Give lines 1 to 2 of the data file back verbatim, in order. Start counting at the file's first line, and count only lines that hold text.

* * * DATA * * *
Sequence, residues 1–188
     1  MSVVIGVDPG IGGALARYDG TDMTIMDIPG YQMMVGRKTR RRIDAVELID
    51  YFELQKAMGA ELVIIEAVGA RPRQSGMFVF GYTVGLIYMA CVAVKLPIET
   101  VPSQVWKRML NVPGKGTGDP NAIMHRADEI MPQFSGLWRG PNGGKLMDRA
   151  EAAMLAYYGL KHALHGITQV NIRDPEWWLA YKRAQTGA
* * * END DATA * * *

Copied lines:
Sequence, residues 1–188
     1  MSVVIGVDPG IGGALARYDG TDMTIMDIPG YQMMVGRKTR RRIDAVELID